- Principal Investigator Oversight/Responsibilities- The PI assumes full responsibility for a research project at each performance site, and by each site-specific PI. For more information please visit “Research Roles”.
Utilizing Other Performance Sites
Performance Site approval documentation is required for all research involving any non-Rutgers site which includes systematic participant recruitment, research impacting site staff time, and/or research impacting site financial reimbursement.
Examples of Research Activities Requiring Performance Site Approval: Recruiting on-site, Using hospital staff to provide a service, Using hospital staff as study personnel, Using a room, Using equipment, Accessing medical records (including chart reviews), etc.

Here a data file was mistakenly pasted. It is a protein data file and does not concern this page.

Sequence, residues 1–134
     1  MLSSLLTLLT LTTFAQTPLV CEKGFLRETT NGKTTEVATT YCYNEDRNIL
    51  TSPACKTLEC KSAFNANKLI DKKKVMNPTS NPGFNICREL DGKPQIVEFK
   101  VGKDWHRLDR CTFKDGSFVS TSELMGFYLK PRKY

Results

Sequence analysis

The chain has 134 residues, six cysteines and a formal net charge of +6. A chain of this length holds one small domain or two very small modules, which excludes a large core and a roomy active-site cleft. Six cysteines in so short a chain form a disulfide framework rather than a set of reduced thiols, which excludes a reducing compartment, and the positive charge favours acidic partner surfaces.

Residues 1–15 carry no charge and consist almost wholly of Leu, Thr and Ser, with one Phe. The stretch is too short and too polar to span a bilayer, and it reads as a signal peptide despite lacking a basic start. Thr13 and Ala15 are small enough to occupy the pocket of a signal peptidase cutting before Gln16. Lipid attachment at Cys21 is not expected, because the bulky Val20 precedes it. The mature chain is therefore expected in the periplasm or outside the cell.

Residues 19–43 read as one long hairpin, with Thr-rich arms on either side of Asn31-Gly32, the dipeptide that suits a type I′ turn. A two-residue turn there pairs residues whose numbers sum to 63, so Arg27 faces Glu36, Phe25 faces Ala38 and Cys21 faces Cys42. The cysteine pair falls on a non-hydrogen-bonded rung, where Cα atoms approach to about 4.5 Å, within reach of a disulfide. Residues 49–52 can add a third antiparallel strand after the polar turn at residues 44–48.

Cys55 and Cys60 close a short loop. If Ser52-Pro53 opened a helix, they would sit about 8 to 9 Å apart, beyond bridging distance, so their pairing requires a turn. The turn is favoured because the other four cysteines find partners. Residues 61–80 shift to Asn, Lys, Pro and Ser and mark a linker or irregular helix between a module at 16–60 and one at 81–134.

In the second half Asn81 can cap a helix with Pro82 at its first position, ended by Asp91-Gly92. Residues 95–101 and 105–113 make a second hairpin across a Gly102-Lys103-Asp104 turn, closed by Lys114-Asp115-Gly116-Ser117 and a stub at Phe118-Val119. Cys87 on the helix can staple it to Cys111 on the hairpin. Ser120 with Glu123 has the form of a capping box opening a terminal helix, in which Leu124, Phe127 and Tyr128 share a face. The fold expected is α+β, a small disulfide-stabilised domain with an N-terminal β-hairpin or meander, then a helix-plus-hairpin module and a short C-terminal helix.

For more information please visit the HSPP Tool Kit and open the “Performance Site Approval Forms” Tab.
If your research requires the use of HIPAA Authorization please be sure to follow the instructions outlined in the Rutgers HIPAA Authorization Template. The researcher will have to outline the individual information to be collect and all parties that may have access to the collected data. Templates can be found by visiting the HSPP Tool Kit, clicking the “Consent Templates” Tab and scrolling to “Special Consent Passages”.
Questions/Need a consultation? Please let us know.
Human Subject Project Lifecycle
How We Can Help - NJ ACTS Regulatory Support Office
REGULATORY SUPPORT SERVICES